Step 1. Stay Calm. This is for me the hardest part of advocating for your rights. Sometimes I want to run, other times I want to scream and cuss. Neither tactic is helpful. As hard as it is, you have to be the bigger person, and stay nice. You can have anger in your voice, do not deny the emotion but do not let the emotions over ride your goal.
Step 2. Calmly as you can, state that they are breaking the Federal Law. This is what I have practiced saying in the Mirror daily for the last two years. “You are violating the Federal Law. The Americans With Disabilities act provides protection for my use of my service animal.” When I say this I hand them a copy of the law. You can get a copy of the service animal laws from the ADA. I have the business brief printed with my state law on the reverse side. You can obtain access to your local service animal laws at http://www.animallaw.info/ I carry my print out in aUSB case on my scooter keys. You can also buy laminated cards from various businesses with the law on it that explain your rights. For some people this is easier. Those cards are usually kept on your animal’s harness.
Step 3. Explain the law in simple terms and how they are violating it. This does mean you need to know the law. Not only does knowing the law protect you from discrimination, but, it lets you educate people. The biggest cause of discrimination in my experience is a lack of knowledge. If someone isn’t willing to learn, or admits they know, then you have a larger problem. One of the main causes of confusion with service animal awareness is that few businesses train their employees. It is illegal to require a service animal to wear a vest or show an ID tag. When someone asks me for this for my cat, I show them the law and educate them. Often, they will try and state she cannot enter because she is not a dog. My local laws state only dogs can be service animals. The laws are written so that the stronger law prevails. This means that if the Federal law says I can have any animal, that is trainable and meets the standards and the local law does not, we refer to the federal law. However if you live in a state like California that requires ID tags for all service animals, then, the law requires you have an ID tag. This is another source of confusion, but, it is an attempt at increasing the rights of many.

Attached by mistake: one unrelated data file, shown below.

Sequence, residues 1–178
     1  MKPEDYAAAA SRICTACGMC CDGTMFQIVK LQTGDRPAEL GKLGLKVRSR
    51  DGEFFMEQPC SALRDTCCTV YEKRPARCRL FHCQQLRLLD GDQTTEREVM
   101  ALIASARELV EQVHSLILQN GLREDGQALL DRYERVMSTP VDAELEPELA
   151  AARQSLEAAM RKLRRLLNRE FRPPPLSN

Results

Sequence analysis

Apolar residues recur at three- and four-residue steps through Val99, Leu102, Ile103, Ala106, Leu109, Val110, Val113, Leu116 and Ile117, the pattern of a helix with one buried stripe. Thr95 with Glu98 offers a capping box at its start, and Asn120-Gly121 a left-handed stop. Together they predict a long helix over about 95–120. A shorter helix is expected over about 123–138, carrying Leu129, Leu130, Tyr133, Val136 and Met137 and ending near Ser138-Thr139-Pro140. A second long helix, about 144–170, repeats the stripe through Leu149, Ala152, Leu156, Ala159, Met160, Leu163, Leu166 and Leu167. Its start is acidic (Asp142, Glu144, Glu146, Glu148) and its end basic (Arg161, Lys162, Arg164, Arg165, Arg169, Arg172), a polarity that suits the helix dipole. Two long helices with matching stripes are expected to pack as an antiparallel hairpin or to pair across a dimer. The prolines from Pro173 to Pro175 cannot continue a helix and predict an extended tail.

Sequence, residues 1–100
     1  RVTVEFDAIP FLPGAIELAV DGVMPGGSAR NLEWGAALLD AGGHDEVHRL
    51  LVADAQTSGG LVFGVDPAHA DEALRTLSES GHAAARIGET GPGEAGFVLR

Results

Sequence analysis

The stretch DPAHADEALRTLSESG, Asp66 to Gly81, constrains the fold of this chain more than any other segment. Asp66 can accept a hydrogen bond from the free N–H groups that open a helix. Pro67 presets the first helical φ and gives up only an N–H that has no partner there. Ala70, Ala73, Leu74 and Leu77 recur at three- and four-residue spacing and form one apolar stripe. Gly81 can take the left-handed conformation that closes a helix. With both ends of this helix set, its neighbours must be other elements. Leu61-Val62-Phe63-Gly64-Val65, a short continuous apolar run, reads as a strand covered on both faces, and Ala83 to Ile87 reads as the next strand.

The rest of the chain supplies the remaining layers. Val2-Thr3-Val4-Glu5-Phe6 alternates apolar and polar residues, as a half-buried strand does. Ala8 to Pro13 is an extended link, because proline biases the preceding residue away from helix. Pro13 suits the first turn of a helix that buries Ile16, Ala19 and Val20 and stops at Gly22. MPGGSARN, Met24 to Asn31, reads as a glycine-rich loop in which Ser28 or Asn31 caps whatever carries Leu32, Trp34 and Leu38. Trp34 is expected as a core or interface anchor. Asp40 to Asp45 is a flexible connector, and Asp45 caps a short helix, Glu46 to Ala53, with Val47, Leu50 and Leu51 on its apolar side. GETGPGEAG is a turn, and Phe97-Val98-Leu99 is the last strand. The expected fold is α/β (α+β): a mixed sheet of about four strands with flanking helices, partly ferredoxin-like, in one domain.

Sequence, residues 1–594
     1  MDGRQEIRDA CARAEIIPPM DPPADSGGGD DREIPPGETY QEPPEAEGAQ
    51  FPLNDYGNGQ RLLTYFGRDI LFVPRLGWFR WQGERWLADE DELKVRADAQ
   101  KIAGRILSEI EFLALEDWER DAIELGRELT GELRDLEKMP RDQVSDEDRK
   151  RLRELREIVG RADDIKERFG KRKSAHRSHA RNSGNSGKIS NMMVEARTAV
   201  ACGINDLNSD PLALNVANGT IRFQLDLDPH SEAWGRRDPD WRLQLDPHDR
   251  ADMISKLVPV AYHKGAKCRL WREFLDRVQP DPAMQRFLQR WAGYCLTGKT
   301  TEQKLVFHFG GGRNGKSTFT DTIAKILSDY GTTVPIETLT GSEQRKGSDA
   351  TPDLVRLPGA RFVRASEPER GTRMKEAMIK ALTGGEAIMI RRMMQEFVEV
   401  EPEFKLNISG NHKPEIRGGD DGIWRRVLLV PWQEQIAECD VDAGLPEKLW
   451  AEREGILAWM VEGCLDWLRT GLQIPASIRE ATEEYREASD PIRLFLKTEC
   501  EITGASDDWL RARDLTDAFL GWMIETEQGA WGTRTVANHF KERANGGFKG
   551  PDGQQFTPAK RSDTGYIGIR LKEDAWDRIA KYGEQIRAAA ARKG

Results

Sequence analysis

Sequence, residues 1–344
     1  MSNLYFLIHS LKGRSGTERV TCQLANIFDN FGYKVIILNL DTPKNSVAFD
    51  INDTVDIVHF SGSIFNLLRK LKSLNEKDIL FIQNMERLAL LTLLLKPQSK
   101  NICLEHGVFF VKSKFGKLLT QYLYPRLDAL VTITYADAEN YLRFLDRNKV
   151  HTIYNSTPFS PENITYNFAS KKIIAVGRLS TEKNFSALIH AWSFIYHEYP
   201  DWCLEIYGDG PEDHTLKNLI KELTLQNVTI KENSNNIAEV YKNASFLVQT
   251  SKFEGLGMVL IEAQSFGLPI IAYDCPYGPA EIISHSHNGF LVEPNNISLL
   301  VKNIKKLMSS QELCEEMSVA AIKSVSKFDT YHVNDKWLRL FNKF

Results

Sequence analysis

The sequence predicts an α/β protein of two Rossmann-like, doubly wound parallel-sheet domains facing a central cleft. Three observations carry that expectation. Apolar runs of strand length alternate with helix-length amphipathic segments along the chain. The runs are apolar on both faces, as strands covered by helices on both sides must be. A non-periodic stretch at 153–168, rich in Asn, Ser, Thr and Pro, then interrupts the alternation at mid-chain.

Usually by this point I am either in the building or they are just going to break the law anyway. If you have reached this point, it is time for Step 4.
Step 4. Take a very deep breath, and remember Step 1. Then ask to speak to their supervisor. If they refuse or are the supervisor you can try explaining the laws again, or calling another advocate to try and help. I keep the number handy to the local advocacy organization, and they have helped me countless times. Even knowing I can call day or night, is helpful because I do not feel alone. At this time I have no national links, but if you are in New Mexico, contact Service Animals and the Law. (Link forthcoming). If you have links nationally to websites that can help, post them in a comment. I want this page to be a resource for any person in need.
At this point you should be through the trying time, most managerial staff listen well and correct their employees. Recently I had to fight my way into an apartment complex using this tactic for three months. Even when I had food poisoning I had to try and follow my rules, but, eventually I prevailed. Advocating for yourself is the hardest part of having a service animal.
Not every person responds to this and if you still cannot get through to them, you need to contact the ADA. You can email them a detailed complaint, include names, addresses, contact information for both parties, and send it to firstname.lastname@example.org . If you would rather call you can contact the ADA via their hotline using these numbers: 800-514-0301 (TTY-800-0363).
Remember, you are strong, you are beautiful inside and out, and you are not alone.
Other posts in this series: What is a Service Animal?
Additional Resources will be added as I find them:
Service Dog Vests and Supplies: